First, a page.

Classification systems are used by museums to organise data about their collections. The MERL Classification was devised by John Higgs, the first Keeper at MERL, specifically for the circumstances at MERL and was determined by the nature and content of the object collections. It was informed by existing classifications at the time, such as those used by the National Museum of Denmark, the Welsh Folk Museum and the Royal Anthropological Institute. The Classification was based on the idea that MERL is a folk museum and deals primarily with people and their lives, rather than with objects. As a result the classification of an object is driven by its sphere of use. It was initially used for the Object Collections, and later expanded to the Photographic Collections (photos of objects are classified according to their sphere of use; other photos are classified according to their subject content).
The MERL Classification was built on the premise that a classification should be as simple as possible, with the caveats that it must be workable and must bring material together in the right groups. It originally had 24 primary headings, which could be sub-divided into secondary, tertiary and quaternary headings, each with a numerical notation. The Classification was intended to grow and develop with the expansion of the collection, with new divisions being created only when an accumulation of similar items made it clear what the heading should be. By 1978 the Classification had expanded to 33 primary headings. A review in the 1990s reduced this down to 31, and today the Classification is only used for objects – it is no longer used for photographs.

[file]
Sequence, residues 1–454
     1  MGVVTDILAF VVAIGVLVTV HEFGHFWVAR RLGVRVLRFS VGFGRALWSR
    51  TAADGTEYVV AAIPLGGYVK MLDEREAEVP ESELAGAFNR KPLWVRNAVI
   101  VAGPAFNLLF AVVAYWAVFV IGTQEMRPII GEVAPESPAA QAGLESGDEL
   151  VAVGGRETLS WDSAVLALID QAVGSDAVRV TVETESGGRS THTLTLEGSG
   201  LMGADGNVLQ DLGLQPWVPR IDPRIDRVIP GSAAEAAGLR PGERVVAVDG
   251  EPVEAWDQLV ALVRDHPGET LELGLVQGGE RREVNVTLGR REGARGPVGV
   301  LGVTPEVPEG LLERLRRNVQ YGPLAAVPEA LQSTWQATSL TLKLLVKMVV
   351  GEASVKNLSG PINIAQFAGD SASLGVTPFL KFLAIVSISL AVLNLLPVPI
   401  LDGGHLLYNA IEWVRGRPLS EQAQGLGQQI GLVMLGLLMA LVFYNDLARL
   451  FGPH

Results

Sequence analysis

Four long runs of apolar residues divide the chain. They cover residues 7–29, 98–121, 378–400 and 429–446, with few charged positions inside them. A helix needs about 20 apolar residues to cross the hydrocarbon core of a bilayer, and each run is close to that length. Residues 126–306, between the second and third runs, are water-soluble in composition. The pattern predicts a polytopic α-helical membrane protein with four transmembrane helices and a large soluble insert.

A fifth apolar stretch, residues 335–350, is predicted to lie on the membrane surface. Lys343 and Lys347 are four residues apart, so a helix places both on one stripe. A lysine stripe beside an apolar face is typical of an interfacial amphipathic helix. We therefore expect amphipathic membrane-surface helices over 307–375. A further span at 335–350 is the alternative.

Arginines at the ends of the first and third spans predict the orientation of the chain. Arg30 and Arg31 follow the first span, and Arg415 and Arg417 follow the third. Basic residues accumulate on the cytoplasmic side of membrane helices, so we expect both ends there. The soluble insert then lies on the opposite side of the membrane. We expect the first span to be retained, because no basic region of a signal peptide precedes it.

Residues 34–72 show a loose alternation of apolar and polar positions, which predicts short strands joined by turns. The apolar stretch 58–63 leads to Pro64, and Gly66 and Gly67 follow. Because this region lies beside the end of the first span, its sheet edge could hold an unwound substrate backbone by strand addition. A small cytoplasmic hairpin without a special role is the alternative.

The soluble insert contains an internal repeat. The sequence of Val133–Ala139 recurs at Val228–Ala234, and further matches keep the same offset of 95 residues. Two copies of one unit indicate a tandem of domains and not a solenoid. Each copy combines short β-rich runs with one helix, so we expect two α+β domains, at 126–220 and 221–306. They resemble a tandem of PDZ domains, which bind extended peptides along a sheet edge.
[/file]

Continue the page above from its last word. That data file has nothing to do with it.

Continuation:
The review work on the Classification is nearly complete. This has involved consulting the wider rural museums sector to see if there are any institutions still using the MERL Classification (it has always been publicly available); considering how it compares with the Social History and Industrial Classification (SHIC) used by many other rural museums; and looking at how we can streamline the primary headings. Hopefully, we will be making some final decisions tomorrow, and will be publishing the revised Classification in due course.
If you’ve seen any recent news updates from the Museum you might know that MERL was recently awarded funding from Arts Council England for a major project in collaboration with Reading Museum, called Reading Connections.
The project started in April, and we’ve got lots to tell you about the different things that are going to be happening. There are a number of themes to the project, including world cultures, local collections, craft, and Reading in conflict. This will include collections work and engagement, including events, exhibitions and online resources. In particular there will be a series of events to commemorate the centenary of the start of WWI in 2014. But I shan’t go any further here – to find out more, go along to the Reading Connections blog. (There’s a separate blog for this new project to reflect that fact that it is a partnership with Reading Museum.) If you’ve enjoyed following this blog (which will continue to run, don’t worry!), do take a look at Reading Connections, and see what’s happening!